Over the last several weeks I have watched with some amazement as various communications crisis’ have unfolded in the media. My amazement isn’t over the incidents that triggered the crisis’, though many of them would certainly give you pause, but rather over the way the crisis’ were managed.
The reaction from the train company, Montreal, Maine & Atlantic Canada Co. (MMA) after their runaway train caused a massive explosion that devastated the town of Lac-Megantic, was shocking in its ineptitude. As everyone from the Prime Minister to Quebec’s Premier rushed to the scene to express their condolences, the CEO from MMA was notably absent. Almost off the bat the company started to point fingers of blame, notably at the local fire department and although they softened their tone in subsequent communications, perceptions were set. To cap their public relations campaign they were slow in their financial response. Things haven’t gone well since then.
Right around the same time MMA was self-destructing, Paula Deen was doing her best to show us why just saying your sorry is easier and smarter than saying just about anything, particularly if what you have to say is, “I am what I am.” I could go into the details, but they were so pervasive in the news that I’ll pass.
In a similar vein, we had Anthony Weiner demonstrating how not to engage the press. At the risk of stating the obvious, if you’re in politics and your name is Weiner, don’t tweet pictures of your weiner. It’s like gold to the late night hosts and catnip to the press. If you do share your pictures of your weiner and you are later asked to identify it, be prepared to identify it or NOT but be prepared to be asked.
The three stories gave me pause and made me wonder if perhaps it might be useful to share what to do, as well as, what not to do in a communications crisis. True crises have several critical dimensions in common, any one of which, if handled poorly, can disrupt or even destroy your best attempts at managing the situation effectively, not to mention the lasting damage that can be done to your reputation.
What TO do.
- Be Honest: If you are at fault, there needs to be an outward acknowledgement of the error. Excuses and self-serving messages will only further undermine public confidence.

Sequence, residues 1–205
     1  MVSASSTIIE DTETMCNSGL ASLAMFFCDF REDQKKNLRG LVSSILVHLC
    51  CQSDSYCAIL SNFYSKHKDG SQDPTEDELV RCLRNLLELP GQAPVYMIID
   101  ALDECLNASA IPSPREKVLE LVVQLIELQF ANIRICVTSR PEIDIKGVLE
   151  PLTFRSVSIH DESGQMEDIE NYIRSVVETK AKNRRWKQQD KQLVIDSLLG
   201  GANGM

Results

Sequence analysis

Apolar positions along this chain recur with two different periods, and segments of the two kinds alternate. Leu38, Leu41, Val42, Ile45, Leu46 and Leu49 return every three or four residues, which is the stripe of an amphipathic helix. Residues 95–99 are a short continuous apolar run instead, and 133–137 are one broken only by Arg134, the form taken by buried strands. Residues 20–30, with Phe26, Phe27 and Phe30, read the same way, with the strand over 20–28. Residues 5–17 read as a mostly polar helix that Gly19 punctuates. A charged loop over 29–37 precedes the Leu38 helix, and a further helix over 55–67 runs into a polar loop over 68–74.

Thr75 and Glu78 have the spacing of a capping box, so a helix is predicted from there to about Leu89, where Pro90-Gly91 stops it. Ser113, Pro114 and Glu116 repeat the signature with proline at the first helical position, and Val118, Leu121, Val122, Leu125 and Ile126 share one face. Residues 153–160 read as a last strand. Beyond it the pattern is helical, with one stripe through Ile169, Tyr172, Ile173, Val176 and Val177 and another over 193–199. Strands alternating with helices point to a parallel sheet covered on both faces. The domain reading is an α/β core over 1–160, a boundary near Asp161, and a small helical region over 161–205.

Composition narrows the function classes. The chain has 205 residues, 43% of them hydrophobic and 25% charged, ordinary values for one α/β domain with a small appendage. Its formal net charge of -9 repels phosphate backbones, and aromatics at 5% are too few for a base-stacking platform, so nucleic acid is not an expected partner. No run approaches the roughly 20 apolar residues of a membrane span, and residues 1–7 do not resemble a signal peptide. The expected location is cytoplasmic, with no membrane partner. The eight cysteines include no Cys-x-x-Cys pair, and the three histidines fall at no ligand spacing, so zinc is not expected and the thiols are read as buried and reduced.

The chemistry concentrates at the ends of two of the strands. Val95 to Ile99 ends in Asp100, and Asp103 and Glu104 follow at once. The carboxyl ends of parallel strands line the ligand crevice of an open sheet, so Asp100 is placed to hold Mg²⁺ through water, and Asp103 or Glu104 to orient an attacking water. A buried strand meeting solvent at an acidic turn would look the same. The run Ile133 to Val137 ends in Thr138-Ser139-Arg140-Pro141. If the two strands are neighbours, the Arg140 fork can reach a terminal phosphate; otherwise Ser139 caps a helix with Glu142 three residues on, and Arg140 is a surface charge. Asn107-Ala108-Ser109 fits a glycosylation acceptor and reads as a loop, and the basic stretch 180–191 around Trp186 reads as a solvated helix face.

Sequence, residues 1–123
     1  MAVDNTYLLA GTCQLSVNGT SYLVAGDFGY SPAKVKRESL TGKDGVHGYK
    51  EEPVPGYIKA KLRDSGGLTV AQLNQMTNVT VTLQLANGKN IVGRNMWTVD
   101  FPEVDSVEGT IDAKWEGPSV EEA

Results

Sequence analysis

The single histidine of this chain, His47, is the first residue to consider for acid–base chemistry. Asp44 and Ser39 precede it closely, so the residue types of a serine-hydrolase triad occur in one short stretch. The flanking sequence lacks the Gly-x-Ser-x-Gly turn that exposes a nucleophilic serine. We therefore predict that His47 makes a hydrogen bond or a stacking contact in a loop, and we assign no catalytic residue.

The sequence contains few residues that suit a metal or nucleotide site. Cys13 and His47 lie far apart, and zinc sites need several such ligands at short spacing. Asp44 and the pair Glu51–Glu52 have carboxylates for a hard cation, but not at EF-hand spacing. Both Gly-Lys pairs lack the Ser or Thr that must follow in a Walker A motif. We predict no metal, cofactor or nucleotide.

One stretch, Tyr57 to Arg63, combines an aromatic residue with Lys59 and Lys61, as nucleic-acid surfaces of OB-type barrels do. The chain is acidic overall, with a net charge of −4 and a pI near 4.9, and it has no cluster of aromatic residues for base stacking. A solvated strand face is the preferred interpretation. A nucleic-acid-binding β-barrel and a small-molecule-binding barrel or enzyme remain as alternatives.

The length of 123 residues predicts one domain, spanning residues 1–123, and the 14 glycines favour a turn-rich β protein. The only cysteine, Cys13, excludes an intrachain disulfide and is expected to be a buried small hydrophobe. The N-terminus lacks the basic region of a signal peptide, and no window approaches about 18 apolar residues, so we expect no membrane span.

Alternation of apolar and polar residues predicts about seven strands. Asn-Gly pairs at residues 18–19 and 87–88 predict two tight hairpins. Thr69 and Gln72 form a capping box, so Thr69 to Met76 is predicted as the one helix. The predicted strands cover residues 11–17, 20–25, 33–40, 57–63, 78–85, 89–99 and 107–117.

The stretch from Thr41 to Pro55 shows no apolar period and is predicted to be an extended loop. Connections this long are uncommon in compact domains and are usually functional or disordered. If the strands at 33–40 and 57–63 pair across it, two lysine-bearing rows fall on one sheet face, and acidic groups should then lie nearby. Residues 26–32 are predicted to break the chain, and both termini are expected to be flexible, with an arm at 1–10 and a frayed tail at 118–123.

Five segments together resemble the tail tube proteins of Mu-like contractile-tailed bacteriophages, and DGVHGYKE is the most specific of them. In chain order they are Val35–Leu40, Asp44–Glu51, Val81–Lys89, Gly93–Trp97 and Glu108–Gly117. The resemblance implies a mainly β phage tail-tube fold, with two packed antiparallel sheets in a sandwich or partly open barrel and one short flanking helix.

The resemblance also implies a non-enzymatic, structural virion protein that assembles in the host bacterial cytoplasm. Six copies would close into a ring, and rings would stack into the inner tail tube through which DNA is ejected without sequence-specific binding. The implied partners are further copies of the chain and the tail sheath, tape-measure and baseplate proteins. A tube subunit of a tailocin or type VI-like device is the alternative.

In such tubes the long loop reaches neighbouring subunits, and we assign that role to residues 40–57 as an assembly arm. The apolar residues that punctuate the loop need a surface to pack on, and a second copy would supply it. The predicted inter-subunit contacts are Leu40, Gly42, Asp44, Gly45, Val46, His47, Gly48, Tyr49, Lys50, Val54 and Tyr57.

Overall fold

- Be Coordinated: You need to be well organized during a crisis. This means planning and identifying whom you want on your crisis team in advance. The bigger the crisis, the more senior the spokesperson.
- Provide Explanation: Explain what happened and why it happened, even if what happened is embarrassing. If you’re not sure, share what you can.
- Give Support: Everything said should be spoken from the perspective of those injured. Language should be plain and easily understood.
- Be Apologetic: Don’t stop being apologetic for what happened. This is the last place ego needs to show up. If you are not personally involved in the incident, act as though you are or that someone you know has been affected. This is not the time to introduce “but” to your language.
- Consult: Engage experts, victims and relevant stakeholders to help you resolve the problem. Make sure there is no possibility of bias in the choices you have made. Make sure that victims are given a voice.
- Promise: Promise not to have the same or similar incidents happen in the future. Make sure that the public understands that you have set a zero tolerance policy internally.
- Restitution: This is probably the most difficult to commit to because of economic restraints, nevertheless the cost of not putting victim’s needs first and foremost will be by far more costly.
What NOT to do.
- Show condescension, or arrogance.
- Demonstrate a lack of concern or consideration.
- Ignore or minimize the impact on victims or their needs.
- Blame others or not take responsibility.
- Use inconsiderate or thoughtless language.
- Be inconsistent.
- Be unprepared.
- Miss opportunities to communicate with victims or other stakeholders.
- Create victim confusion.
Have you ever had to manage through a crisis? Do you think you would be good in one?